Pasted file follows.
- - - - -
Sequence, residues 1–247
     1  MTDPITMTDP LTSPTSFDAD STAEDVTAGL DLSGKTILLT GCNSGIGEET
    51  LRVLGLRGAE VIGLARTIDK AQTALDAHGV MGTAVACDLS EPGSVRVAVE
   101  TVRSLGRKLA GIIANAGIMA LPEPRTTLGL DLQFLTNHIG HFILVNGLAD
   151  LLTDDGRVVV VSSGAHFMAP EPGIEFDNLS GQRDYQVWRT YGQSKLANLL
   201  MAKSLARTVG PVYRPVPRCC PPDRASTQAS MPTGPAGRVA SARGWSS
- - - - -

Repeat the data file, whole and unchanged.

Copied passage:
Sequence, residues 1–247
     1  MTDPITMTDP LTSPTSFDAD STAEDVTAGL DLSGKTILLT GCNSGIGEET
    51  LRVLGLRGAE VIGLARTIDK AQTALDAHGV MGTAVACDLS EPGSVRVAVE
   101  TVRSLGRKLA GIIANAGIMA LPEPRTTLGL DLQFLTNHIG HFILVNGLAD
   151  LLTDDGRVVV VSSGAHFMAP EPGIEFDNLS GQRDYQVWRT YGQSKLANLL
   201  MAKSLARTVG PVYRPVPRCC PPDRASTQAS MPTGPAGRVA SARGWSS